(wood-elves refer specifically to the elves of mirkwood; not silvan elves in general)
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The '''Silvan Elves''' ([[Sindarin|S]] '''''Tawarwaith''''')
The '''Silvan Elves''' ([[Sindarin|S]] '''''Tawarwaith''''') were the reclusive, forest-dwelling [[Elves]] of [[Middle-earth]]. In the late [[Third Age]], the Silvan Elves mostly belonged either to the [[Galadhrim]] or to the [[Elves of Mirkwood]].<ref name="SE-UTa"/>
Revision as of 23:43, 16 March 2019
|"Elven Cloak" by Rob Alexander|
|Origins||Teleri who fell away from the Great Journey and remained among the forests of the Vales of Anduin|
|Locations||Lothlórien, East Lórien, Edhellond, Woodland Realm, Ithilien|
|Affiliation||Last Alliance of Elves and Men|
|Languages||Silvan Elvish, Sindarin, Westron|
|Members||Nimrodel, Mithrellas, Galion, Haldir, Rúmil, Orophin|
|Distinctions||Secretive, lovers of the forests and animals, less wise and more dangerous than other Eldar|
|Gallery||Images of Silvan Elves|
The Silvan Elves (S Tawarwaith) were the reclusive, forest-dwelling Elves of Middle-earth. In the late Third Age, the Silvan Elves mostly belonged either to the Galadhrim or to the Elves of Mirkwood.
The Silvan Elves were descendants of the Nandor (and thus in origin Teleri), who had lingered in the Anduin Vales during the Great Journey of the Eldar in the Elder Days. The Silvan Elves hid themselves in their woodland realms beyond the Misty Mountains and became a scattered folk hardly distinguishable from Avari. While some of the Nandor continued to Eriador and later entered Ossiriand, some remained in the Vales of Anduin, and from these latter originated the Silvan elves.
In the early Second Age, after the War of Wrath, Oropher of Doriath (father of Thranduil and grandfather of Legolas) along with few of the Sindar came to forest realm east of Misty Mountains. He became the King of the Silvan Elves and established the Woodland Realm of Greenwood the Great (S Eryn Galen). The culture of Silvan folk was rude and rustic compared to the Beleriandic culture of the Sindar. But soon the Sindar merged with the Silvan Elves and adopted their language, took names of Silvan form and style. This language was a dialect of Sindarin known as Silvan Elvish. On the eastern side of the Misty Mountains, Amdír (father of Amroth), another Sinda leader came to the land known as Laurelindórenan (or Lórinand) and ruled over the Silvan elves as their King.
It is also told that the some of the western Avari, dwelling in Eriador and the Anduin Vales, were friendly to the Eldar, and came to merge with the Silvan elves. These were Nelyarin Avari (Penni), from the third Clan (and therefore remotely akin to the Nandor and Sindar).[note 1]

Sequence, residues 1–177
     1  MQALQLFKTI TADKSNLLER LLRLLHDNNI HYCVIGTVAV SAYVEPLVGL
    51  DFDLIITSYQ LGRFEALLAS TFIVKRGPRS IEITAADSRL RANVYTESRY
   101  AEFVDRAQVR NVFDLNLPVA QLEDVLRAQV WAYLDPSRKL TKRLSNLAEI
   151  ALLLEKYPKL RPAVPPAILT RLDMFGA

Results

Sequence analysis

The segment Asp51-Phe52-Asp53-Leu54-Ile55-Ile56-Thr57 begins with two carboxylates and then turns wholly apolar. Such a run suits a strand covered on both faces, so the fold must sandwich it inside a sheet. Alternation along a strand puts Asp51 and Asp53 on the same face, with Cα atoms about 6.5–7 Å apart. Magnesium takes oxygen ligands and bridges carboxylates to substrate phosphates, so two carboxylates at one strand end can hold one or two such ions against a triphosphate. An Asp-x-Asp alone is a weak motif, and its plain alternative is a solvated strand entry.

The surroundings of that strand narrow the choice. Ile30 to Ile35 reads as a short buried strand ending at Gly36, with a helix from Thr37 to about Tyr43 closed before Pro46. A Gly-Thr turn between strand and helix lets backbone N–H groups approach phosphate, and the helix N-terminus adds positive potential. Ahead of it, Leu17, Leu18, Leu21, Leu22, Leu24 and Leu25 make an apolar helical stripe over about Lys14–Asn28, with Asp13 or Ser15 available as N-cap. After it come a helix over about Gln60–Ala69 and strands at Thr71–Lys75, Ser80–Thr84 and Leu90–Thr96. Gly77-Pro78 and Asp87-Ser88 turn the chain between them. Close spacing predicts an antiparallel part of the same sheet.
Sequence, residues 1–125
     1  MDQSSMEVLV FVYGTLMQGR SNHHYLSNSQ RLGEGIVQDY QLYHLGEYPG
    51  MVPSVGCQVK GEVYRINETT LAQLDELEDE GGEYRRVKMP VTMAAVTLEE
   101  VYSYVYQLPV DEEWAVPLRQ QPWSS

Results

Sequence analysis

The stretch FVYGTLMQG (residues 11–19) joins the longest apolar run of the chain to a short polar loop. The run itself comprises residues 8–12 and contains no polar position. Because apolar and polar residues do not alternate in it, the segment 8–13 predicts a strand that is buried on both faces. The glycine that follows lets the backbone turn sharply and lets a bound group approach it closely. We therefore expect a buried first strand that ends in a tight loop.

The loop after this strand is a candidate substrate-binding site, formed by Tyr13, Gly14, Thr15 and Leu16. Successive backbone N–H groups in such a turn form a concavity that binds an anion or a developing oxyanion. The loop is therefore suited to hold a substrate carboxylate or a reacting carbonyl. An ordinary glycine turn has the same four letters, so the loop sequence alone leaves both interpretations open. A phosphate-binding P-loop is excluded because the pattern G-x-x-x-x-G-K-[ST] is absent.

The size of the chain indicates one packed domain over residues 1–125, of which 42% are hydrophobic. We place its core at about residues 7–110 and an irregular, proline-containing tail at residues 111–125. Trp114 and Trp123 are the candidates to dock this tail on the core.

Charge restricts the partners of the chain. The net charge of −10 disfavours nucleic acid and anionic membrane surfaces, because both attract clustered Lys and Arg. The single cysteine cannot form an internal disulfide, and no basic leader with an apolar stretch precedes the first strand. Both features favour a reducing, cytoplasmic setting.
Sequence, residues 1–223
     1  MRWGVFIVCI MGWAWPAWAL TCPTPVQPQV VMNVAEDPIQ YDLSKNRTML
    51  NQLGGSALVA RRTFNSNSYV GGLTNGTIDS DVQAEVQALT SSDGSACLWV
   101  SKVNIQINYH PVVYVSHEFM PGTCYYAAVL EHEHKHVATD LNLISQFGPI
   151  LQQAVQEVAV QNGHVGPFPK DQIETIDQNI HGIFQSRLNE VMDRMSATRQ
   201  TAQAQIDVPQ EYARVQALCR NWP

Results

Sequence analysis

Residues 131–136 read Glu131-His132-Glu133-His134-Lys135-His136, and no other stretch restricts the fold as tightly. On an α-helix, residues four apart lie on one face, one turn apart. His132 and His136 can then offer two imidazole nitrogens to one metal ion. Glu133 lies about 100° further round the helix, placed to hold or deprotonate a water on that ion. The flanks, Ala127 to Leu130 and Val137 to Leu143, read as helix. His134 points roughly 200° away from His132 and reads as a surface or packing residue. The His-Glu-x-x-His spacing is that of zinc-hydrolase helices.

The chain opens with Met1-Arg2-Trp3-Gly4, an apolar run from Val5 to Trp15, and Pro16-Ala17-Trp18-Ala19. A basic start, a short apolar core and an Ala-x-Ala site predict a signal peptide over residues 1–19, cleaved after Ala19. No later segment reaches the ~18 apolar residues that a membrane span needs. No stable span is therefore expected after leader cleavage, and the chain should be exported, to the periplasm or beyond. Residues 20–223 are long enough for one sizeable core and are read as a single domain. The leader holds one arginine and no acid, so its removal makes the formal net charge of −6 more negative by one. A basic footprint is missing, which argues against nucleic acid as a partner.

In the early Third Age, remnants of the Noldorin realms such as Lindon and Eregion sought new dwellings in more eastern lands and the Silvan Elves of Lórien experienced an influx of Noldor (and Sindar) who had survived the War of the Last Alliance and the fall of Eregion.
(Quendi · People of the Stars · Firstborn · Elder Kindred)
(Eldar · Eldalië · Edhil)
|Vanyar (Fair-elves · Minyar) · Noldor (Deep-elves · Tatyar) · Teleri (Lindar · Nelyar)|
(High-elves · Amanyar)
|Vanyar · Noldor · Falmari|
|Úmanyar:||Sindar (Grey-elves · Eglath · Falathrim) · Nandor (Green-elves · Silvan Elves)|
|Moriquendi:||Úmanyar · Avari (Dark Elves · The Unwilling)|
|See also:||Awakening of the Elves · Sundering of the Elves · Great Journey|
- ↑ It is not known if this merge occurred during the Elder Days, or during the Second or Third Ages.
- ↑ 1.0 1.1 1.2 1.3 J.R.R. Tolkien, Christopher Tolkien (ed.), Unfinished Tales, "The History of Galadriel and Celeborn", "Appendix A: The Silvan Elves and their Speech"
- ↑ 2.0 2.1 J.R.R. Tolkien, Christopher Tolkien (ed.), Unfinished Tales, "The History of Galadriel and Celeborn", "Appendix B: The Sindarin Princes of the Silvan Elves"
- ↑ J.R.R. Tolkien, Christopher Tolkien (ed.), The War of the Jewels, "Part Four. Quendi and Eldar: C. The Clan-names, with notes on other names for divisions of the Eldar", pp. 381, 410
- ↑ "silvan" at Dictionary.reference.com (Collins English Dictionary; accessed 17 July 2011)
- ↑ Compound Sindarin Names in Middle-earth at Tolkiendil.com (accessed 17 July 2011)
- ↑ Didier Willis, Hiswelókë's Sindarin Dictionary at Jrrvf.com (accessed 17 July 2011)